Title 42: “Human Rights Stain, Public Health Farce”

WASHINGTON D.C. –  The end of the Title 42 expulsion policy is scheduled for December 21 but supporters of the policy are still attempting to force its continuation. Today, Human Rights First released “Human Rights Stain, Public Health Farce,” a report that tracks the harms the policy has inflicted over the last two years and recommends the end to the U.S. government’s evasion of refugee law under the policy.

Human Rights First tracked at least 13,480 reports of murder, torture, kidnapping, rape, and other violent attacks on migrants and asylum seekers blocked in or expelled to Mexico under Title 42 since President Biden took office.

“For more than two years, the U.S. government has used Title 42 to evade asylum law and subject people seeking safety to unimaginable horrors. We have tracked a staggering number of kidnappings, rapes, instances of torture, and other violent attacks against people turned away from U.S. asylum due to Title 42, and the cases we have tracked represent just a small fraction of the true number,” said Julia Neusner, research and policy associate attorney for refugee protection. “The U.S. government must end Title 42 once and for all and fully restore access to asylum at the border.”

The report makes clear that the misuse of Title 42 – initiated by the Trump administration and used for nearly two years by the Biden administration — is a public health, border management and human rights fiasco.

“It’s long past time for politicians to end efforts to force the continuation of a policy that inflicts massive human suffering, tramples on refugee law and has indelibly stained this country’s human rights record,” said Eleanor Acer, senior director for refugee protection. “As this misuse of public health authority approaches its end, the last thing the Biden administration should do is try to replace the inhumane Title 42 policy with yet another cruel policy from the Trump playbook, such as an asylum transit ban.”

Rather than providing a solution to issues at the border, the Title 42 policy inflicts disorder and grave human rights abuses.

The report also found that:

  • The administration’s October 2022 expansion of Title 42 to Venezuelans has denied thousands access to the U.S. asylum process in flagrant violation of U.S. refugee law. This expansion stranded adults, families, and children in dangerous Mexican border cities where they were targets of kidnapping, torture, and brutal attacks. It has subjected others to onward refoulement to face persecution and torture and separated many families.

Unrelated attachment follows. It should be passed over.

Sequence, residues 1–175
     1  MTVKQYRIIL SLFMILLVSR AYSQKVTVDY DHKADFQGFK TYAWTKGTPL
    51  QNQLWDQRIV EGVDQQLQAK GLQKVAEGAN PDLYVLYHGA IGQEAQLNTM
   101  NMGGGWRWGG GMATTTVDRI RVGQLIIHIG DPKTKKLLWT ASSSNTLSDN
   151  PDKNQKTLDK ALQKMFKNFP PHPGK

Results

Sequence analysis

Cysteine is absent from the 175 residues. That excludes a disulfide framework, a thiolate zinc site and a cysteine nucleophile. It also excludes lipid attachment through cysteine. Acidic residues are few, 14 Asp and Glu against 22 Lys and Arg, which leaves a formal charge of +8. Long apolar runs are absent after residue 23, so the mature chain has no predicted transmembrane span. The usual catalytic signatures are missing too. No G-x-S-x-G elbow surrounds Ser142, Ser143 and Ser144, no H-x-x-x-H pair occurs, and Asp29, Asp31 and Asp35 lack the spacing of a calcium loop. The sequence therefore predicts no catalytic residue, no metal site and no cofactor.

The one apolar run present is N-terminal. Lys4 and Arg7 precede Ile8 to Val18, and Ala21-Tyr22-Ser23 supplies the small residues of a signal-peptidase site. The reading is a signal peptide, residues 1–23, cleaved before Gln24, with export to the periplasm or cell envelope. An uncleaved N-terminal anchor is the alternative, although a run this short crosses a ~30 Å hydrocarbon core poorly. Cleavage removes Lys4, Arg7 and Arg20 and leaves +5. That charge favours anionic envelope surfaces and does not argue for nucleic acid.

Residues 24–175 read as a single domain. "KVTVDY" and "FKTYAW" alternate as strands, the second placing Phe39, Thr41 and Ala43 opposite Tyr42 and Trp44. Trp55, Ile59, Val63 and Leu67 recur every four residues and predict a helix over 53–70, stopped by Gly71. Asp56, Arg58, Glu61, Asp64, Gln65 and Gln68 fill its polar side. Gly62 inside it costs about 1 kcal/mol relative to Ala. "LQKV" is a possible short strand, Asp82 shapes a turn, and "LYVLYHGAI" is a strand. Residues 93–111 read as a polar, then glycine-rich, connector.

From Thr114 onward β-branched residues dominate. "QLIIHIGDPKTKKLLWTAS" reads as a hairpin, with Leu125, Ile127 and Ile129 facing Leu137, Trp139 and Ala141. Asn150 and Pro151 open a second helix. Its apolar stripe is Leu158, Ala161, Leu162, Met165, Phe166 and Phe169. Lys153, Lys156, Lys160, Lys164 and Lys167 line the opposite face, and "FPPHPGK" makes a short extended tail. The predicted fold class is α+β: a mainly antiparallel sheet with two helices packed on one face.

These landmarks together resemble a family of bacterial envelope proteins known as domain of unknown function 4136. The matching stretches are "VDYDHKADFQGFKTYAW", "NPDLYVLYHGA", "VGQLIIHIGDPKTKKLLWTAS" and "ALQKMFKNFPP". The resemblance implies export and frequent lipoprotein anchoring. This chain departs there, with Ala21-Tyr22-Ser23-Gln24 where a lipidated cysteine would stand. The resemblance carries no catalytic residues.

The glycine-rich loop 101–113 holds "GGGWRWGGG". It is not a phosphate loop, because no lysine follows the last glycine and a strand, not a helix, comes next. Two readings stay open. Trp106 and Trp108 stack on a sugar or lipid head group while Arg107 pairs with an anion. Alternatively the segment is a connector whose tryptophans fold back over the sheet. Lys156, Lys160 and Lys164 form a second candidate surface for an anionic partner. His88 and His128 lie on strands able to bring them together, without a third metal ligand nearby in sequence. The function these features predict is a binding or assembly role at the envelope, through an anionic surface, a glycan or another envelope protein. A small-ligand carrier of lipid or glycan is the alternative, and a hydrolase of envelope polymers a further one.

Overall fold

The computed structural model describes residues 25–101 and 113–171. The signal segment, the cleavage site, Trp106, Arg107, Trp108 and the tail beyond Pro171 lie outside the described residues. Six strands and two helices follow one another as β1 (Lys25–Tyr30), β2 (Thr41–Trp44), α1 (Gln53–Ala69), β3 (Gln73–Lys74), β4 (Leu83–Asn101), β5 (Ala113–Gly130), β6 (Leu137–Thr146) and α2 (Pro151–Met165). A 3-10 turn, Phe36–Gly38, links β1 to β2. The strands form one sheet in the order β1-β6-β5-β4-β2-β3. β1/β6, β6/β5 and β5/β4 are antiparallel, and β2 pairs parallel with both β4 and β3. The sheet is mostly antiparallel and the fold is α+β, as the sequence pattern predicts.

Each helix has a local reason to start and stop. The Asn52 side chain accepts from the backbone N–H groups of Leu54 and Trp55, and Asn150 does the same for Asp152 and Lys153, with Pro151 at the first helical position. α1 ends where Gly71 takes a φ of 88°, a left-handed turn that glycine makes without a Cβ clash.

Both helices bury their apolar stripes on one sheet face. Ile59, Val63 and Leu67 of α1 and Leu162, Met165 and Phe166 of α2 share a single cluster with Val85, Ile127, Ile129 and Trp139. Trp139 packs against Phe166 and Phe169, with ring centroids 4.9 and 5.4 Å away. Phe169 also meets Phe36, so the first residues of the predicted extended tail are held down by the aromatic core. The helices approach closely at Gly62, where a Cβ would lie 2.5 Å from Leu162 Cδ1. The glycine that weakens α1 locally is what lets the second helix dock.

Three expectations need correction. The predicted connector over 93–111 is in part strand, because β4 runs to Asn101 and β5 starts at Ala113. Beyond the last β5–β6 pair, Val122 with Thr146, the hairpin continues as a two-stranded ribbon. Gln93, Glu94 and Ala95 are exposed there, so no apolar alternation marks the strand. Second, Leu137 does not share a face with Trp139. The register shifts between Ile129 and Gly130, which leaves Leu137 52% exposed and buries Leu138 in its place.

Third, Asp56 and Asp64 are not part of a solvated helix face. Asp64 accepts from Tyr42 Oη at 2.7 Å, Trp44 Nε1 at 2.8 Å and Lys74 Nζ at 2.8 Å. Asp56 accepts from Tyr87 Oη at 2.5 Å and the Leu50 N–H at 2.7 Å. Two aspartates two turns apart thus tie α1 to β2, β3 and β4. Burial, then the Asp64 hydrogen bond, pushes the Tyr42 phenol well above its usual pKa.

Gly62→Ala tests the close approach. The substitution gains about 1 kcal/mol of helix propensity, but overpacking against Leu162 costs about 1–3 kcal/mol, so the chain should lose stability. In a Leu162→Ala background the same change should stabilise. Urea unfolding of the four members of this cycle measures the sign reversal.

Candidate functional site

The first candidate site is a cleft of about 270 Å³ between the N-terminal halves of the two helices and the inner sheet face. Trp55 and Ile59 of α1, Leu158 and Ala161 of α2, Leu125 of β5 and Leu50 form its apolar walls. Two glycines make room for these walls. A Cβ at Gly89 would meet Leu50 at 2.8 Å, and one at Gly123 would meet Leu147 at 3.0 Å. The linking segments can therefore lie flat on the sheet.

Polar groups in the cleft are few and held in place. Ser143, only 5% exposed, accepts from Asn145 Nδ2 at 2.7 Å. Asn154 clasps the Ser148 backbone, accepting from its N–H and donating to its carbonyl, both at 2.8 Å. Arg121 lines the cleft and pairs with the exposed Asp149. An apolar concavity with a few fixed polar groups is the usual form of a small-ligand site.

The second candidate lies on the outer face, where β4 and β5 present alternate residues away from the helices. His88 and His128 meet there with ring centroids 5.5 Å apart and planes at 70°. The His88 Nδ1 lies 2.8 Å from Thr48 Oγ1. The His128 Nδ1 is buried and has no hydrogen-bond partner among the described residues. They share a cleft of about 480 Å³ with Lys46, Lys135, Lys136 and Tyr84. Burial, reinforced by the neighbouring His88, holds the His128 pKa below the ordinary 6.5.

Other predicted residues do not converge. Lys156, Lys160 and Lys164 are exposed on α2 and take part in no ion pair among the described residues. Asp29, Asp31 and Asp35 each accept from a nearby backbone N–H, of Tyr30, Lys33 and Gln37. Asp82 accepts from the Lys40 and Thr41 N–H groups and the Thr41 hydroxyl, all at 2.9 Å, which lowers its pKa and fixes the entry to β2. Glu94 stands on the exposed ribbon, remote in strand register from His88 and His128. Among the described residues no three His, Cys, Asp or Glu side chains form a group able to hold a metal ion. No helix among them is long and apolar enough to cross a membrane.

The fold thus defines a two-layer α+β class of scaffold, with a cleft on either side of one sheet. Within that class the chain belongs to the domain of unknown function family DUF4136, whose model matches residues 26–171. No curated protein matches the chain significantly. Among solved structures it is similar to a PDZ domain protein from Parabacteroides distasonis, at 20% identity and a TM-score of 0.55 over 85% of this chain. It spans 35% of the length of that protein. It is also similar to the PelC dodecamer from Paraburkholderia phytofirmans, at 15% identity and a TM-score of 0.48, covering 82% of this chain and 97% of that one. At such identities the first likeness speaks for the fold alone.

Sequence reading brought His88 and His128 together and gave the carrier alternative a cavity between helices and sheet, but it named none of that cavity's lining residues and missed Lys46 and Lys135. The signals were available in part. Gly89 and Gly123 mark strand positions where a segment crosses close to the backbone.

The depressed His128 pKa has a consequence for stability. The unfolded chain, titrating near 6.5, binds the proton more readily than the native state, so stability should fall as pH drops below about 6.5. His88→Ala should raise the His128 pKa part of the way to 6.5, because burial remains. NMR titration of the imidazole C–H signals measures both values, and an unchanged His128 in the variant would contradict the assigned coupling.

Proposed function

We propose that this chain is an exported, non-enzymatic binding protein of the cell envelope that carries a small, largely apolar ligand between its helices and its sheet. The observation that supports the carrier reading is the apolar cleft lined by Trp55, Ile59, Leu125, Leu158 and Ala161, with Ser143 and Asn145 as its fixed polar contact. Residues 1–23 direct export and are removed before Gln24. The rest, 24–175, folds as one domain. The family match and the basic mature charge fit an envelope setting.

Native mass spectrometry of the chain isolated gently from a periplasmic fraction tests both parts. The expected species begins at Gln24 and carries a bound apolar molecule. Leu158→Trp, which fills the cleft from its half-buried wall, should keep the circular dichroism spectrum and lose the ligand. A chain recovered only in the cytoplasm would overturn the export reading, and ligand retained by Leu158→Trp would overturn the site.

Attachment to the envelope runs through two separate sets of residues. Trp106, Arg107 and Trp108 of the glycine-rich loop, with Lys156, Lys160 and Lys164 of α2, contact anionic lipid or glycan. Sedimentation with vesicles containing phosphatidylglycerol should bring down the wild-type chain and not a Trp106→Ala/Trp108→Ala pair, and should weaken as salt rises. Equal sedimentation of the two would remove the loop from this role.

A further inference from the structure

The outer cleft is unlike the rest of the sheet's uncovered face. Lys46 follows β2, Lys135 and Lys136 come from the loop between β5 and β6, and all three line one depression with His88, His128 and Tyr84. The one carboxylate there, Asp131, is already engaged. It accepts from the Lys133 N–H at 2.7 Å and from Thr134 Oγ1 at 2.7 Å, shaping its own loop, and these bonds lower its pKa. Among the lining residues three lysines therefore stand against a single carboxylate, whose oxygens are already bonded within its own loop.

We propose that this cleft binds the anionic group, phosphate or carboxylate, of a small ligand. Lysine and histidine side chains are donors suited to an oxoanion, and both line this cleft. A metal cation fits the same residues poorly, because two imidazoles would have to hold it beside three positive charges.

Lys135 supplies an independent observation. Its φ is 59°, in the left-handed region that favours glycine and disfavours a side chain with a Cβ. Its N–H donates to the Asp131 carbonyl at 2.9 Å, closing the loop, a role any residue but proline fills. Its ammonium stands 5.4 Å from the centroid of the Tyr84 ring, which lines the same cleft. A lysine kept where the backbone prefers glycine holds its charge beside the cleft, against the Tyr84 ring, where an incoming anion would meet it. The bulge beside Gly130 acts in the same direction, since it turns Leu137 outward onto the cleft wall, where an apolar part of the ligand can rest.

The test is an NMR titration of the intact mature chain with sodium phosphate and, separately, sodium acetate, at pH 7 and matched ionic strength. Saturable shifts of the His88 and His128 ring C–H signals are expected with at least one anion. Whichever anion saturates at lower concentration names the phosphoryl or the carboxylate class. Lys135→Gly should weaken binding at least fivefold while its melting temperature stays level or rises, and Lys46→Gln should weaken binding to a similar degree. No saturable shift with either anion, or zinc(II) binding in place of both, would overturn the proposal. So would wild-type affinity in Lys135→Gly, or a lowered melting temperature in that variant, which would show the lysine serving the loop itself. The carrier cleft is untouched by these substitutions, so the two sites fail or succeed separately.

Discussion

• Mexican asylum seekers fleeing persecution and torture have been trapped in or expelled by Customs and Border Protection (CBP) to the country they are trying to escape, and denied access to the U.S. asylum process in violation of U.S. law and non-refoulement legal obligations.
  • Faith-based, humanitarian, and legal workers who assist asylum seekers stranded in Mexico by Title 42 face mounting threats and attacks from violent cartels.

The report is based on in-person interviews Human Rights First conducted with asylum seekers in Ciudad Juárez in December 2022 and Tijuana in September 2022; interviews by telephone and in-person with attorneys, other humanitarian workers and additional asylum seekers in Mexico conducted from October to December 2022; reports of attacks drawn from an ongoing survey of asylum seekers in Mexico conducted by Al Otro Lado between mid-June and early November 2022; open-source information identified by students from the University of California Network for Human Rights and Digital Fact Finding (Berkeley, Santa Cruz, Los Angeles); review of U.S. government data; as well as media and other human rights reporting.

Human Rights First published prior research on the Title 42 policy in June 2022, April 2022 (with Al Otro Lado and Haitian Bridge Alliance), March 2022, February 2022, January 2022, December 2021, November 2021 (with Florence Immigrant and Refugee Rights Project), October 2021, August 2021, July 2021 (with Hope Border Institute), June 2021, May 2021 (with RAICES and Interfaith Welcome Coalition), April 2021 (with Al Otro Lado and Haitian Bridge Alliance), December 2020, and May 2020.


Published on December 16, 2022


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